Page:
By using this site, you agree to our updated Privacy Policy and our Terms of Use. Manage your Cookies Settings.
 428,853 Members | 2,246 Online + Ask a Question
Need help? Post your question and get tips & solutions from a community of 428,853 IT Pros & Developers. It's quick & easy.

# how to validate quarter-hour increments??

 P: n/a I am looking to validate time worked in quarter-hour increments, e.g. ..25, .5, .75, 1.0, etc. etc. I know I can use a modulo statement for the evaluation but I could not find an explanation of how to use this in a form field validation. I am fairly certain it would be something like If result=Me.FormField mod .25 is an even integer (evenly divisible by .25) I imagine the code would be [Me.formfield]%.25??? I cannot find anything in Access help, either. Thank you, Tom Nov 13 '05 #1
Share this Question
14 Replies

 P: n/a tlyczko wrote: I am looking to validate time worked in quarter-hour increments, e.g. .25, .5, .75, 1.0, etc. etc. I know I can use a modulo statement for the evaluation but I could not find an explanation of how to use this in a form field validation. I am fairly certain it would be something like If result=Me.FormField mod .25 is an even integer (evenly divisible by .25) I imagine the code would be [Me.formfield]%.25??? I cannot find anything in Access help, either. For Mod to work you must have integers. Lift the values to the integer plane by dividing by the smallest step size (or multiplying by its inverse which reads a little easier). However, when trying to type an expression I found I would take an angle slightly to the side: [field]*4 = Int(field*4) will tell you whether "field" (this is not your real field name :-) ) is an exact multiple of .25 -- Bas Cost Budde, Holland http://www.heuveltop.nl/BasCB/msac_index.html Nov 13 '05 #2

 P: n/a tlyczko wrote: I am looking to validate time worked in quarter-hour increments, e.g. .25, .5, .75, 1.0, etc. etc. I know I can use a modulo statement for the evaluation but I could not find an explanation of how to use this in a form field validation. I am fairly certain it would be something like If result=Me.FormField mod .25 is an even integer (evenly divisible by .25) I imagine the code would be [Me.formfield]%.25??? I cannot find anything in Access help, either. Thank you, Tom Normally I'd suggest to validate the time worked multiplied by four; but I think it's better to add a little bit of self-defensive margin for floating point error. I'd like both .24999 and .25001 to be valid, but not .26 or .24. ..24999 * 4 = 0.99996 ..25001 * 4 = 1.00004 So Int(Nz(txtEmployeeHours.Value) * 4 + 0.5) should provide the nearest integer to be used for the comparison. Abs(Int(Nz(txtEmployeeHours.Value) * 4 + 0.5) - Nz(txtEmployeeHours.Value) * 4) < 0.01 should be pretty safe. Examples: ..24 Abs(Int(.96 + .5) - .96) = .04 invalid ..249 Abs(Int(.996 + .5) - .996) = .004 valid ..25 Abs(Int(1 + .5) - 1) = 0 valid ..251 Abs(Int(1.004 + 0.5) - 1.004) = .004 valid ..26 Abs(Int(1.04 + 0.5) - 1.04) = .04 invalid If you just want to round to the nearest .25 hour automatically: Int(Nz(txtEmployeeHours.Value)) * 4 + 0.5) / 4# There may also be other solutions that use the Mod function instead. You can adjust 0.01 to smaller values. James A. Fortune Nov 13 '05 #3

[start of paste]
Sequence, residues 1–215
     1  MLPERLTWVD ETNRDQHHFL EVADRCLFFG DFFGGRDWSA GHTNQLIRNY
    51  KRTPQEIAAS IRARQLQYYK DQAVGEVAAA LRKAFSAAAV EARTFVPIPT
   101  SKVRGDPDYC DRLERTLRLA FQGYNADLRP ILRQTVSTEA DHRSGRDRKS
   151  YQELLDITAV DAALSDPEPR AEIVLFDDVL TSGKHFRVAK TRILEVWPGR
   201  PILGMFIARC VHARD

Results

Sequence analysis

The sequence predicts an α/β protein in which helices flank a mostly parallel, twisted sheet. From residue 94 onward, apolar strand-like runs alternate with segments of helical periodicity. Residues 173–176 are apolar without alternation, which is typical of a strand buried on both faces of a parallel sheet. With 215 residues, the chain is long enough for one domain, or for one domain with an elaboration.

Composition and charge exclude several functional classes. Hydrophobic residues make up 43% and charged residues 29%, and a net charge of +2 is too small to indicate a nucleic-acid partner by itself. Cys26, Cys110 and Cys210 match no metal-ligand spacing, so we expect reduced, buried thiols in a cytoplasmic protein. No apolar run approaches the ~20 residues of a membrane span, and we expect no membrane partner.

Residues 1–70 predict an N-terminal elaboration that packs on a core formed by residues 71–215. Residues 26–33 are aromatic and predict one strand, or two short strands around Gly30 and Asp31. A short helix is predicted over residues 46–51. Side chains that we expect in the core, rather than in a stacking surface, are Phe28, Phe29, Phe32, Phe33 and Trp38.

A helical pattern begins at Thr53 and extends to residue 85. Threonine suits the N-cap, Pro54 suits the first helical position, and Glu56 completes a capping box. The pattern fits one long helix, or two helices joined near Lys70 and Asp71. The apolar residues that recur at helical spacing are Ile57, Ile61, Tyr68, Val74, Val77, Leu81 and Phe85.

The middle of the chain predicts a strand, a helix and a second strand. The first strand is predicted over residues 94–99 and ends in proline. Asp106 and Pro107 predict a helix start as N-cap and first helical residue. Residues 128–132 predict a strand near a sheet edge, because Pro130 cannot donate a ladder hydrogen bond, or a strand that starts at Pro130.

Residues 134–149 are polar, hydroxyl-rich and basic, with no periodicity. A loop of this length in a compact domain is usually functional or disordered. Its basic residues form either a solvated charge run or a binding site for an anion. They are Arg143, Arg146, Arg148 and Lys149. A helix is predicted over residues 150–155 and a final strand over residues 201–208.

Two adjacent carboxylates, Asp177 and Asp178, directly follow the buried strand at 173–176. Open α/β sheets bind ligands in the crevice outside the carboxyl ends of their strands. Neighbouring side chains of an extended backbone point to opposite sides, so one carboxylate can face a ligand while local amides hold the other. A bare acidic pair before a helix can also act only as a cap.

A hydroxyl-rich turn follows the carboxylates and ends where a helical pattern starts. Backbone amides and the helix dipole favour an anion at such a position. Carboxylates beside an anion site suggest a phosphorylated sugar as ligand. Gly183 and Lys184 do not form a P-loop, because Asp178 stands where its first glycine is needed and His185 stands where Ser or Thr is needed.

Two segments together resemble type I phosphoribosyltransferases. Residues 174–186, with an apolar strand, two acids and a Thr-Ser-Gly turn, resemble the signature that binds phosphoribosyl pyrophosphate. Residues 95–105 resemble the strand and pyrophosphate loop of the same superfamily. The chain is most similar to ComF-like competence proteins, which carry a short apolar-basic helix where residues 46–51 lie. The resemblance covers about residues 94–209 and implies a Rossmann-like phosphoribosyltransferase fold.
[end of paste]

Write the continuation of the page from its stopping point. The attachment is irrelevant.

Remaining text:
P: n/a Hi, I'm thinking that you could just multiply your entry by 100 and then do the Mod(entry, 25) and if this is 0, then it is a multiple of .25 - if not, you have an error. Of course, I could be wrong... JimA Nov 13 '05 #4

 P: n/a I tried the following in the field's BeforeUpdate and AfterUpdate events: If Abs(Int(Nz([lngTimeSpent].[Value]) * 4 + 0.5) - Nz([lngTimeSpent].[Value]) * 4) < 0.01 Then MsgBox "true" Exit Sub Else MsgBox "false, retype" End If But it always comes back true and the field resets to zero, why?? My original desire was to put this test into the form field's 'Validation Rule' property field, which would mean that if it is false, the validation text would come back, but this did not work out either. Meanwhile, I will keep trying. Thank you, Tom Nov 13 '05 #5

 P: n/a tlyczko wrote: I tried the following in the field's BeforeUpdate and AfterUpdate events: If Abs(Int(Nz([lngTimeSpent].[Value]) * 4 + 0.5) - Nz([lngTimeSpent].[Value]) * 4) < 0.01 Then MsgBox "true" Exit Sub Else MsgBox "false, retype" End If But it always comes back true and the field resets to zero, why?? My original desire was to put this test into the form field's 'Validation Rule' property field, which would mean that if it is false, the validation text would come back, but this did not work out either. Meanwhile, I will keep trying. Thank you, Tom Because of the Nz function, a Null value will cause 0 - 0 = 0 < 0.01. Your code is not getting a value for [lngTimeSpent].[Value]. You need to use the name of the control on the form that contains the number. James A. Fortune Nov 13 '05 #6